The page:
Sometimes it pays to look up.
After a bit of a wait in the doctor’s office the other day, I lay my head back and looked up at the ceiling. I was surprised to find a photo there, lovely and well lighted, of a tree in winter with orange fruit clinging to its branches.
It took me a second to recognize it as a persimmon tree, but as soon as I did, I felt a pit of dread in my stomach.
The fall of 1965, I started eighth grade at West Hills School in Knoxville. In order to get to school, I had to walk by the persimmon tree, which I loved, to West Hills, which I did not love.
From first through seventh grades I had been sheltered in Catholic schools, and my first experience with public education was dismaying.
The kids seemed so much more mature, and by mature, I mean confident. They also seem to have avoided or moved beyond that awkward age in which I was firmly entrenched.
It was a time of transition for my family. We were moving to Atlanta as soon as our house sold, and nothing seemed solid.
It was hardly worth the trouble to make new friends just to leave them, so I hung back at school. My best friend, Boo, was in seventh grade at West Hills, but she was already pulling away, moving toward a life that would never include me again.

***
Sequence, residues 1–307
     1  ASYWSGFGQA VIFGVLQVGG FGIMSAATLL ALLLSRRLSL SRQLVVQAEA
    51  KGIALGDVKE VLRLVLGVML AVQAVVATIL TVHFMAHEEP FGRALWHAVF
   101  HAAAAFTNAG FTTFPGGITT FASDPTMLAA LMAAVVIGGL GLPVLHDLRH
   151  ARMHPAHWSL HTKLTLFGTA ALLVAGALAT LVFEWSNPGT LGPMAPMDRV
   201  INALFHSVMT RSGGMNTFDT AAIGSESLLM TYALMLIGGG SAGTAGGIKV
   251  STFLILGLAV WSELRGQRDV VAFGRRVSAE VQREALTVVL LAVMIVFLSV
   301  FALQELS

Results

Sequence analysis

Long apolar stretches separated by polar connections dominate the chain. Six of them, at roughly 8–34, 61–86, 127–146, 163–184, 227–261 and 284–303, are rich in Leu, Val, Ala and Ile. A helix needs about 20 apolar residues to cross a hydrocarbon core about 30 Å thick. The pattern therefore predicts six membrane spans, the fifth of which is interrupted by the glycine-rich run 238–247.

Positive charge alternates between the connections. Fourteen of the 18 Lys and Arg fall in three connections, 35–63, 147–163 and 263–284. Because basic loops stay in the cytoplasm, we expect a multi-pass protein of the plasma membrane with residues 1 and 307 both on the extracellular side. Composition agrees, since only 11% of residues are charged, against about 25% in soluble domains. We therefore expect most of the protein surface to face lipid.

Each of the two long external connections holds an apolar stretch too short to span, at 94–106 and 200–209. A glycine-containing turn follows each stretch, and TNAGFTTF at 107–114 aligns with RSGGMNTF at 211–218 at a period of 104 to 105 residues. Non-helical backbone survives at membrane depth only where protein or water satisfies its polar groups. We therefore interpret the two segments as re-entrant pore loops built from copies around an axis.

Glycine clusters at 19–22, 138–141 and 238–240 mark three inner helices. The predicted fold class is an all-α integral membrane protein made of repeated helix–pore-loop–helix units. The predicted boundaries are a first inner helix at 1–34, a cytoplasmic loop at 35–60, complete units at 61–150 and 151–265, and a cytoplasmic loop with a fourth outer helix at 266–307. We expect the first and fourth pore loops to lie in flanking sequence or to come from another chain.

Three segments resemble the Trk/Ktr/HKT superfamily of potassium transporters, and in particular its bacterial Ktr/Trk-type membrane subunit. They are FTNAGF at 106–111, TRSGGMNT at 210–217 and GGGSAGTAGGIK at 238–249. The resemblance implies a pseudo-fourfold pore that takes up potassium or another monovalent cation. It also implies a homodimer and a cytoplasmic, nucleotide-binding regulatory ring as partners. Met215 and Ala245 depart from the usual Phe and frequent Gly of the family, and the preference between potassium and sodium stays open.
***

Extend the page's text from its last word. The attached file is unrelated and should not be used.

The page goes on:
Sitting there, staring up at the ceiling, I swam a little deeper into memories of the persimmon tree to find happier thoughts. It wasn’t difficult.
The tree stood on the corner of Sheffield and Bennington, a remnant of the farms and woods that covered the land before the developers’ bulldozers rolled in. My little band of friends — Boo, Tex and Terry — and I roamed the neighborhood at will. One well-traveled route was from Corteland, where Tex and I lived, to Chesterfield, where Boo and Terry lived, down Sheffield, past the persimmon tree to the school playground or beyond that to the commercial greenhouse.
Boo told me what the persimmon tree was. She also told me you couldn’t eat the fruit until after the first frost because it was too bitter, though we dared each other to try the unripe fruit in late summer. No one took the dare.
Like the creek behind the Dotts’ house, Boo’s swing set, the blackberry fields, the woods and the sledding hill on Corteland, the persimmon tree became a landmark of my childhood.
I have a very specific memory of walking to West Hills School one Saturday with Boo while I was still at Sacred Heart. She had an entry in the flower show and wanted to see how she’d done.
Flower show? She was a child, but her mother was guiding her toward a number of interests. I was a little jealous because flower shows seemed very adult, but I was also relieved that I could more or less run free while Boo arranged dried moss on driftwood for the scrutiny of her mother’s friends.
It was one tiny moment out of what has turned out to be a fairly long life, yet it is captured perfectly and triggered by a photo of a persimmon tree.
I’m grateful to Boo, who taught me to look up.
You never know what you might see and what memories you will find there.
Jan Hearne is the Press Tempo editor. Reach her at firstname.lastname@example.org.